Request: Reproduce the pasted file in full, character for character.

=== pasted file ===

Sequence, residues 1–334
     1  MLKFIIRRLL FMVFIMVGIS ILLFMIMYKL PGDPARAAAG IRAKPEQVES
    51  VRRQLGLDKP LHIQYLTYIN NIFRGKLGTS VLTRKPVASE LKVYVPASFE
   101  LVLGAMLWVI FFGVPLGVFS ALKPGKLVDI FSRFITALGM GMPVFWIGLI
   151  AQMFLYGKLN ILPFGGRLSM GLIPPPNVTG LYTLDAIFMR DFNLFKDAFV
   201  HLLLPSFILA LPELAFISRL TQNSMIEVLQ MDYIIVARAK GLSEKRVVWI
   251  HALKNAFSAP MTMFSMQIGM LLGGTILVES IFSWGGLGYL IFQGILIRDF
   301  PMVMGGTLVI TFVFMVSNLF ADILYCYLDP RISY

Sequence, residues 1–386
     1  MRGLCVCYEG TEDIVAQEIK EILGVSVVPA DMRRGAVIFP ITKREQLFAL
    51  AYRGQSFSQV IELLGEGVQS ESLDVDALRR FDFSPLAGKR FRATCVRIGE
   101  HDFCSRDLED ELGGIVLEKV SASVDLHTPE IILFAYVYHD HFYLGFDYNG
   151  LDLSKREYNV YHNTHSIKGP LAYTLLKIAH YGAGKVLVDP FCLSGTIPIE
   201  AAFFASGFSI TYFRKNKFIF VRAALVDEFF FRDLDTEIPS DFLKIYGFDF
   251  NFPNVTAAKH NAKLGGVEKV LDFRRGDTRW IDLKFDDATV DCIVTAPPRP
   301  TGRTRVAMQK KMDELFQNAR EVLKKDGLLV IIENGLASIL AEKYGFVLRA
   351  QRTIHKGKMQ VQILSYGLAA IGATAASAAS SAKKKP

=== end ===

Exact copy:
Sequence, residues 1–334
     1  MLKFIIRRLL FMVFIMVGIS ILLFMIMYKL PGDPARAAAG IRAKPEQVES
    51  VRRQLGLDKP LHIQYLTYIN NIFRGKLGTS VLTRKPVASE LKVYVPASFE
   101  LVLGAMLWVI FFGVPLGVFS ALKPGKLVDI FSRFITALGM GMPVFWIGLI
   151  AQMFLYGKLN ILPFGGRLSM GLIPPPNVTG LYTLDAIFMR DFNLFKDAFV
   201  HLLLPSFILA LPELAFISRL TQNSMIEVLQ MDYIIVARAK GLSEKRVVWI
   251  HALKNAFSAP MTMFSMQIGM LLGGTILVES IFSWGGLGYL IFQGILIRDF
   301  PMVMGGTLVI TFVFMVSNLF ADILYCYLDP RISY

Sequence, residues 1–386
     1  MRGLCVCYEG TEDIVAQEIK EILGVSVVPA DMRRGAVIFP ITKREQLFAL
    51  AYRGQSFSQV IELLGEGVQS ESLDVDALRR FDFSPLAGKR FRATCVRIGE
   101  HDFCSRDLED ELGGIVLEKV SASVDLHTPE IILFAYVYHD HFYLGFDYNG
   151  LDLSKREYNV YHNTHSIKGP LAYTLLKIAH YGAGKVLVDP FCLSGTIPIE
   201  AAFFASGFSI TYFRKNKFIF VRAALVDEFF FRDLDTEIPS DFLKIYGFDF
   251  NFPNVTAAKH NAKLGGVEKV LDFRRGDTRW IDLKFDDATV DCIVTAPPRP
   301  TGRTRVAMQK KMDELFQNAR EVLKKDGLLV IIENGLASIL AEKYGFVLRA
   351  QRTIHKGKMQ VQILSYGLAA IGATAASAAS SAKKKP